CIA Director John Brennan. (AP Photo/Carolyn Kaster.)
Settling in at the Central Intelligence Agency, Director John Brennan has some tough choices to make. An immediate one, according to an important article in The Washington Post, will be the fate of the agency’s clandestine services director (i.e., covert operations chief), who is tangled in the CIA’s past role as brutal interrogator and torturer.
But a more important, and longer range decision, is what Brennan will choose to do about the agency’s preoccupation, or obsession, with drones and with pursuing kinetic, counterterrorism actions as part of what is no longer called the “Global War on Terror.” The CIA’s too-heavy focus on military-type operations, drones and covert wars that have long since reached their sell-by dates has weakened, perhaps fatally, the CIA’s ability to actually find out stuff, and therefore inform the president of what’s happening around the world.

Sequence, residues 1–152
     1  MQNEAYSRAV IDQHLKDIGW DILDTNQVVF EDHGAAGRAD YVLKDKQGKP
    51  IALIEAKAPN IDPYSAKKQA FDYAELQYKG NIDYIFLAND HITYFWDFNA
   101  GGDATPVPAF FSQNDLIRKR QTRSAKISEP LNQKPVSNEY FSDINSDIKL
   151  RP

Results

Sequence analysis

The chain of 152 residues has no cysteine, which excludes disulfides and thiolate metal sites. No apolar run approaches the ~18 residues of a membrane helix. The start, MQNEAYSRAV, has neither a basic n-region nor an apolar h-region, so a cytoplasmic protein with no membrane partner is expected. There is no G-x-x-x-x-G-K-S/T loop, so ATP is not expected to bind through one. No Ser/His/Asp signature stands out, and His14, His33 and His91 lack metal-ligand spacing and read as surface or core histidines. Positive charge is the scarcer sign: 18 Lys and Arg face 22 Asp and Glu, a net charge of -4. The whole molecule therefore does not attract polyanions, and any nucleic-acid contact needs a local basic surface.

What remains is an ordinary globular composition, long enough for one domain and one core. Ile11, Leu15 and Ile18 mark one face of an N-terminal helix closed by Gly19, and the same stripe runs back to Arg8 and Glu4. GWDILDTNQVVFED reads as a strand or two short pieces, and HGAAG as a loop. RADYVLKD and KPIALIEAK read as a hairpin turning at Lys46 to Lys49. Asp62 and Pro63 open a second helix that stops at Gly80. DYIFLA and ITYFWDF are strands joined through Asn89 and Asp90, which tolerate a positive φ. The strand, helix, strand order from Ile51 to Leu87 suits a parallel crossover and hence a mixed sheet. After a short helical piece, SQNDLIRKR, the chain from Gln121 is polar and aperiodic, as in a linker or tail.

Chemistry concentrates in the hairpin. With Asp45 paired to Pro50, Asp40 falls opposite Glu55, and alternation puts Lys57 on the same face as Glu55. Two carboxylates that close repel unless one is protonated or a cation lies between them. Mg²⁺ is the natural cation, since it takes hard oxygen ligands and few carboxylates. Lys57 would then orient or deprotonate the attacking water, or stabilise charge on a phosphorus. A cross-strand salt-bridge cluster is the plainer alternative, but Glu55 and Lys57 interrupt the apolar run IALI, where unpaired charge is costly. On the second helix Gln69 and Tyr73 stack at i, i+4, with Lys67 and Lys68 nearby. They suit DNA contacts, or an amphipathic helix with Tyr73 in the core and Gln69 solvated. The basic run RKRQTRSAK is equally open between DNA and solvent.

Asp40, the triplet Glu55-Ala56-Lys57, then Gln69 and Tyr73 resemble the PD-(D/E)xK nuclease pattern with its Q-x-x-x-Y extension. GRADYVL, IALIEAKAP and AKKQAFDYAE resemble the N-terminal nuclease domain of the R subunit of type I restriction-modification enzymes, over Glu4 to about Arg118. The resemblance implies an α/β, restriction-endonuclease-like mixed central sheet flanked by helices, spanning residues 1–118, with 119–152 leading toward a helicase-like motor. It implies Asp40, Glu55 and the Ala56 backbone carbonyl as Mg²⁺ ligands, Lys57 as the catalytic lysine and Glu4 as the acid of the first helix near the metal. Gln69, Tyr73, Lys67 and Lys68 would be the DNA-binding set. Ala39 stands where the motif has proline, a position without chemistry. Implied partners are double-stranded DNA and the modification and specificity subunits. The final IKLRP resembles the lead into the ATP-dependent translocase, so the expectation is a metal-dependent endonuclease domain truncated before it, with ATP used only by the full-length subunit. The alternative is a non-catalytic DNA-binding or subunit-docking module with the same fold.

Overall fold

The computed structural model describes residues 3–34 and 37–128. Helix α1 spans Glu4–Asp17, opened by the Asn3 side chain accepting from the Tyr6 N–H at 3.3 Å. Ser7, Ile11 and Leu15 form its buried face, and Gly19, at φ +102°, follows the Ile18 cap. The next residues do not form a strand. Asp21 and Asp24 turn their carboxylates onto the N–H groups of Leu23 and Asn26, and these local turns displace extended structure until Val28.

That’s the conclusion of an important new (classified) report prepared for the CIA by a panel of experts that included, significantly, Chuck Hagel, before he was named secretary of defense.
Let’s start with the unnamed woman who runs covert ops.
According to the Post:
[Earlier] a woman had been placed in charge of the CIA’s clandestine service for the first time in the agency’s history. She is a veteran officer with broad support inside the agency. But she also helped run the CIA’s detention and interrogation program after the Sept. 11, 2001, attacks and signed off on the 2005 decision to destroy videotapes of prisoners being subjected to treatment critics have called torture.
The woman, who remains undercover and cannot be named, was put in the top position on an acting basis when the previous chief retired last month. The question of whether to give her the job permanently poses an early quandary for Brennan, who is already struggling to distance the agency from the decade-old controversies.